hospital admissions and "bed blocking", as services would fall under a single umbrella.
(Pic : BBC Wales)
Option One : Adult Social Care becomes the responsibility of Local Health Boards

The Welsh Government "would retain control over strategic decisions" but the responsibility for commissioning social care and mental health services would be with LHBs, not local authorities. It's possible LHB boundaries could be reviewed too.

For democratic accountability, Plaid propose either nominating local councillors to sit on boards, or direct elections for board seats at the same time as local council elections.

They're not proposing the same for children's social care, because users of adult social care often have health problems, while children's social care is often related to things like child protection - a role for social workers, not the NHS.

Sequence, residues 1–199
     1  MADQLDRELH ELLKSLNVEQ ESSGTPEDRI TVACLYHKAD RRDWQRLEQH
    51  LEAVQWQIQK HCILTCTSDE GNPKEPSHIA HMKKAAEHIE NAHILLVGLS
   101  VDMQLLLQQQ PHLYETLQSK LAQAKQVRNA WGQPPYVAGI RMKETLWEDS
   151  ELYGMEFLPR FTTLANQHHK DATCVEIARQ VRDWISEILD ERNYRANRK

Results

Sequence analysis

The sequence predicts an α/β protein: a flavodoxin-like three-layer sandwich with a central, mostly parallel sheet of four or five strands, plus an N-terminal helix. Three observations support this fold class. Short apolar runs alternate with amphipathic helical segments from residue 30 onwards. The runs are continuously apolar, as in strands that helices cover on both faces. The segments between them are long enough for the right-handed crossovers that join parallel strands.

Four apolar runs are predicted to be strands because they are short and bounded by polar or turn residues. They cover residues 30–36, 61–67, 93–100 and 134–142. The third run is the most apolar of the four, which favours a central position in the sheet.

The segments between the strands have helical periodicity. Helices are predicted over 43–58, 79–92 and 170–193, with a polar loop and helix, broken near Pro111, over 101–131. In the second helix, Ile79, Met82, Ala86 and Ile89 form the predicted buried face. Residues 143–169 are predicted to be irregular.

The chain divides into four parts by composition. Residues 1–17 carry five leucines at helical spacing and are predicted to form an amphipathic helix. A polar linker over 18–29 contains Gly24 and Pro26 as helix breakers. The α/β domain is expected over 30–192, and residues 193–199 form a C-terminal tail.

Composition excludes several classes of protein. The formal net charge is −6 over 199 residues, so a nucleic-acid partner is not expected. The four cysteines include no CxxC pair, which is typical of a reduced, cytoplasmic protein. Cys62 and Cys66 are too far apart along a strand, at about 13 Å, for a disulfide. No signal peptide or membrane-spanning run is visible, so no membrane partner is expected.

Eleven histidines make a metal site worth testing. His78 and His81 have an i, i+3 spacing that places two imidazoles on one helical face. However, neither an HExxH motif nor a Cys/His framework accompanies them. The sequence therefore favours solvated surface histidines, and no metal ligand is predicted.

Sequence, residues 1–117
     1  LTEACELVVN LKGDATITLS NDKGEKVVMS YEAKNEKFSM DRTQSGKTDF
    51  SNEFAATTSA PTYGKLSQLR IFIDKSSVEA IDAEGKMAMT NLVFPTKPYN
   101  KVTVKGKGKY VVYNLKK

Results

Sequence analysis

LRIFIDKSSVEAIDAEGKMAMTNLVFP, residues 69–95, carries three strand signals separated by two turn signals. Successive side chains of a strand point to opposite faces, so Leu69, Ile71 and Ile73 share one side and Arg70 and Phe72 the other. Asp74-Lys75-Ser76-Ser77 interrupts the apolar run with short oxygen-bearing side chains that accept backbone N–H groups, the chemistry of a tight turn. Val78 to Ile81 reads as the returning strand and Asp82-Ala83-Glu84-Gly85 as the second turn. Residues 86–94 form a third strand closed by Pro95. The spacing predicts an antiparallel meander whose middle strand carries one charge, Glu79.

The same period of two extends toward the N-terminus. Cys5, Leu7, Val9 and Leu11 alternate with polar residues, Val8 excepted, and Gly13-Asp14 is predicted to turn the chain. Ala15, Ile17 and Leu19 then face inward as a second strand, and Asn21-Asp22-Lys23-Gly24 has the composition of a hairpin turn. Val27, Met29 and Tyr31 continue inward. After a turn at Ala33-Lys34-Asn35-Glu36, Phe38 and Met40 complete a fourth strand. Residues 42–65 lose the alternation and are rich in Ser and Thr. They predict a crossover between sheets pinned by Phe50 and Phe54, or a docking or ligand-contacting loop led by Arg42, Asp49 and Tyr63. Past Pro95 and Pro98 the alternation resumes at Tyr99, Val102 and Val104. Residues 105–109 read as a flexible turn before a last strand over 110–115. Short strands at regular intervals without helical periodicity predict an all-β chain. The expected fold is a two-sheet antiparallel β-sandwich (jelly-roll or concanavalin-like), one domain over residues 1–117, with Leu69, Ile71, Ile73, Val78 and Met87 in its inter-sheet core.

One risk here – as experienced in Northern Ireland – is that health could dominate the integrated system, furthering under-investment in social care. Under this choice, the Welsh Government would, therefore, "play a stronger role in budget allocations", possibly ring-fencing social care funding.

Option Two : Local authorities are given control over primary (GP) and community health

This is described as "the radical option", where local authorities (presumably post-reorganisation) would control GP services, community hospitals, patient transport and community medicine (including community mental health). Current local health boards would be scrapped, and it's a similar, but not identical, set-up to Denmark.

Hospital services and things like ambulance services would be run either :
  • directly by the Welsh Government.
  • by a single National Hospital Board.
  • three health boards based on fire and rescue service areas.

It would end problems caused by patients transferring for treatment between LHBs, and allows greater national planning.